Exercise normal precautions in Senegal. Some areas have increased risk. Read the entire Travel Advisory.
Exercise increased caution in:
Read the Safety and Security section on the country information page.
If you decide to travel to Senegal:
Armed individuals have set up roadblocks and attacked travelers on roads south of The Gambia in the Casamance region of Senegal.
Land mines from prior conflicts remain in the Casamance Region.
The U.S. government has limited ability to provide emergency services to U.S. citizens in this area. U.S. government employees are prohibited from travelling on National Route 4 south of Ziguinchor, on Route 20 between Ziguinchor and Cap Skirring, and on unpaved roads without armed escorts. U.S. government employees are also prohibited from travelling after dark.
Senegal is party to the Hague Convention on Protection of Children and Co-operation in Respect of Intercountry Adoption (Hague Adoption Convention). Intercountry adoption processing in Hague countries is done in accordance with the requirements of the Convention; the U.S. implementing legislation, the Intercountry Adoption Act of 2000 (IAA); and the IAA’s implementing regulations, as well as the implementing legislation and regulations of Senegal.
The Hague Adoption Convention entered into force for Senegal on December 1, 2011. However, Senegal has not yet implemented procedures for the processing of Convention adoptions and the Government of Senegal announced in February 2012 that it is temporarily suspending all new intercountry adoptions while it focuses on implementing the Hague Adoption Convention. Transition cases where an adoption dossier was filed with Senegal prior to December 1, 2011, may be completed under the previous “orphan” process.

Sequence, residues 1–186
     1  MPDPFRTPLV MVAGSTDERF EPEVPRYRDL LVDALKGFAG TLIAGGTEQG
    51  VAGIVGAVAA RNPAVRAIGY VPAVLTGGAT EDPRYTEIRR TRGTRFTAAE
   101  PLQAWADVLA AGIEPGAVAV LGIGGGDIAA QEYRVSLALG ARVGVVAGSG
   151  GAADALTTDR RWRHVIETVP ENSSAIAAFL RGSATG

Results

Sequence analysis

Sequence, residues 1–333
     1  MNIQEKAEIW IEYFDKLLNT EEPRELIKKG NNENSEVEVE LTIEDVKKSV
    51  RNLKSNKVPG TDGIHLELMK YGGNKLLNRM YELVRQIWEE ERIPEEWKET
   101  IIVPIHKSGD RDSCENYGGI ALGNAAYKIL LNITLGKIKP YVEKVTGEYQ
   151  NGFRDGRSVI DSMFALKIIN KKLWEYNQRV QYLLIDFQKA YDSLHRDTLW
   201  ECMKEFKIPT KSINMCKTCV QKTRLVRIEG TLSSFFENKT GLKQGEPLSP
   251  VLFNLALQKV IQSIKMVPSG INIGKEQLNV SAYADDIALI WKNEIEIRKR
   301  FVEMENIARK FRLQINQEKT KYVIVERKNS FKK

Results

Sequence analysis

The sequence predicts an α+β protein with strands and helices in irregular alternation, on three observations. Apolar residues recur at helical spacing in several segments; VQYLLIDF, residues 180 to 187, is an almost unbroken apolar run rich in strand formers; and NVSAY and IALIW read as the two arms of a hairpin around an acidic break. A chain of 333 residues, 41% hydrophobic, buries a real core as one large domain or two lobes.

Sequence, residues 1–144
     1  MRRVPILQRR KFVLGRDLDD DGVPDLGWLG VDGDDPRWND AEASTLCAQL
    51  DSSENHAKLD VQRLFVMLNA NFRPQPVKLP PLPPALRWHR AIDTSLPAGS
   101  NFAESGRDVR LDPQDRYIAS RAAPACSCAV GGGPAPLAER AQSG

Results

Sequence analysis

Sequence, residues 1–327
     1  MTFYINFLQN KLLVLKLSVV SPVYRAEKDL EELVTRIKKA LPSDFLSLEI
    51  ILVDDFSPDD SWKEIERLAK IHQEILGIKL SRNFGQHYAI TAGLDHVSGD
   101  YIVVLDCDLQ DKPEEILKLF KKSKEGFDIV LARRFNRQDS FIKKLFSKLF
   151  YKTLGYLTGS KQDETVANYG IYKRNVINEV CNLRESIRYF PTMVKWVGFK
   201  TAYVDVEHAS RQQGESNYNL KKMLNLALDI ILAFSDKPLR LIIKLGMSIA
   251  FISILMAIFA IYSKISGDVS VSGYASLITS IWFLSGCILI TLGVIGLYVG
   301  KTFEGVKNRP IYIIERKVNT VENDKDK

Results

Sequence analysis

The U.S. Embassy in Dakar has not been provided with an expected date by which Senegal will fully implement the Hague Adoption Convention. Please continue to monitor adoption.state.gov for updated information.
Please visit the Department’s Country Specific Information for more information on travelling to Senegal and the U.S. Embassy in Dakar’s website for information on consular services.
To bring an adopted child to the United States from Senegal, you must meet certain suitability and eligibility requirements. USCIS determines who is suitable and eligible to adopt a child from another country and bring that child to live in the United States under U.S. immigration law.
Additionally, a child must meet the definition of a Convention adoptee under U.S. immigration law in order to be eligible to immigrate to the United States with an IH-3 or IH-4 immigrant visa.
Senegal’s Adoption Authority
Directrice de l’Education Suveillée et de la Protection Sociale (DESPS)
Ministere de la Justice
Rue 9 Allées Seydou Nourou Tall X Bourguiba
Point E lot 2 – BP 14736
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